Weather events have been in the news more frequently this year than any recent year, whether it be record-breaking hurricanes, devastating wildfires or extreme drought.

It appears our global weather patterns are changing, in many cases for the worse. Scientists have linked climate change to these shifts in long-term patterns, yet doubt still remains about the existence of climate change.

By studying ice-cores, tree rings and coral, among other things, scientists have amassed a vast body of evidence in support of the existence of human-caused climate change. In the scientific community, the question is essentially settled, with 97 percent agreement among scientists of its existence.

Unfortunately, every time the link between climate change and more frequent and more severe extreme weather events is brought up, the argument is made that the events are isolated incidents that can’t be used to show a trend; Instead, the extreme weather is attributed to a bad summer, or winter, or spring, or fall.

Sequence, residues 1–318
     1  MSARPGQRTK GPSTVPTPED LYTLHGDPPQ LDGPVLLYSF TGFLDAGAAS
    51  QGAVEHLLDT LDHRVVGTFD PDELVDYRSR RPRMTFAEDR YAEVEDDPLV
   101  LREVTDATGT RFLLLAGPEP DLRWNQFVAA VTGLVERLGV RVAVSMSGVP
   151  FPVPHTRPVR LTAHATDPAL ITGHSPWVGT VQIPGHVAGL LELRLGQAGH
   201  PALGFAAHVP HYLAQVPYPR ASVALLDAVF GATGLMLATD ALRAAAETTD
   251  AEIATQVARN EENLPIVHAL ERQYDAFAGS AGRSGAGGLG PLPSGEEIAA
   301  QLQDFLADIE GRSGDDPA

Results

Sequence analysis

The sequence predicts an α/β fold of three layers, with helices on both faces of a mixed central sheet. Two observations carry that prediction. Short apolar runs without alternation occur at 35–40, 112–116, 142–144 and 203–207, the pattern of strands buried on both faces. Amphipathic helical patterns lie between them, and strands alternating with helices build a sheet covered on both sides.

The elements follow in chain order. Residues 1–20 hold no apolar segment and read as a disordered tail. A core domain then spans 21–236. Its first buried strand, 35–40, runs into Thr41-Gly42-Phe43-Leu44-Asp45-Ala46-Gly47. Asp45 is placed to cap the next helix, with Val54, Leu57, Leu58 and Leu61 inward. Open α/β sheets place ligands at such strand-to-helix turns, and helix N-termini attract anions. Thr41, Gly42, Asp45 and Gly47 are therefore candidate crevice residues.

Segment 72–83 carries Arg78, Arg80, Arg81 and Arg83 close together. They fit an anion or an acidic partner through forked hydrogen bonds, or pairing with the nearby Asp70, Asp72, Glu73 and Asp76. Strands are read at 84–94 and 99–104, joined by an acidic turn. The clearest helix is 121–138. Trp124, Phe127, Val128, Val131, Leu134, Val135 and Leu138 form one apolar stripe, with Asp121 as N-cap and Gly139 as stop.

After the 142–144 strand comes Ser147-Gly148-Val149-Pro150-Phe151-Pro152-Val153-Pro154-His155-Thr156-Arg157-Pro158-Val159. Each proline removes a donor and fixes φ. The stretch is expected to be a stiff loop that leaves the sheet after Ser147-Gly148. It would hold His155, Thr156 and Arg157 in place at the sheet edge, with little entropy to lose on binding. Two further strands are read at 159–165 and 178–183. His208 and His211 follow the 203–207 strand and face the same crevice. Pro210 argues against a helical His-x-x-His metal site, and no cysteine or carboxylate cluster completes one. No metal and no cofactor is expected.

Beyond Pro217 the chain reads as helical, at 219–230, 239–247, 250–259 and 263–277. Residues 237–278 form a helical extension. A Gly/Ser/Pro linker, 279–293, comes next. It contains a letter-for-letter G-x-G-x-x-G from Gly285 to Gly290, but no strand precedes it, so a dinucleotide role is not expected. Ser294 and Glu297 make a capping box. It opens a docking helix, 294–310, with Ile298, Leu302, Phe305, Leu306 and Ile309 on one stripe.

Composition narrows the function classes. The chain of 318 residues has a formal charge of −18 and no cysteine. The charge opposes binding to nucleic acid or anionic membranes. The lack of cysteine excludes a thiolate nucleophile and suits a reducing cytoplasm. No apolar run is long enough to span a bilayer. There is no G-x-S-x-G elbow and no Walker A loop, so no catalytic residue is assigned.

There’s an obvious problem with waiting to see a trend in this situation, as we will potentially have to suffer through countless devastating weather events in the future, before consensus is reached. The existing trends of evidence and scientific consensus should be sufficient warning for climate action to be taken now.

Practical solutions like the revenue-neutral carbon fee and dividend proposed by Citizens’ Climate Lobby would go a long way in mitigating future damage. Why wait to be hurt further when we can act now to reduce that hurt?

Yining (Tracy) Zhou, Onalaska

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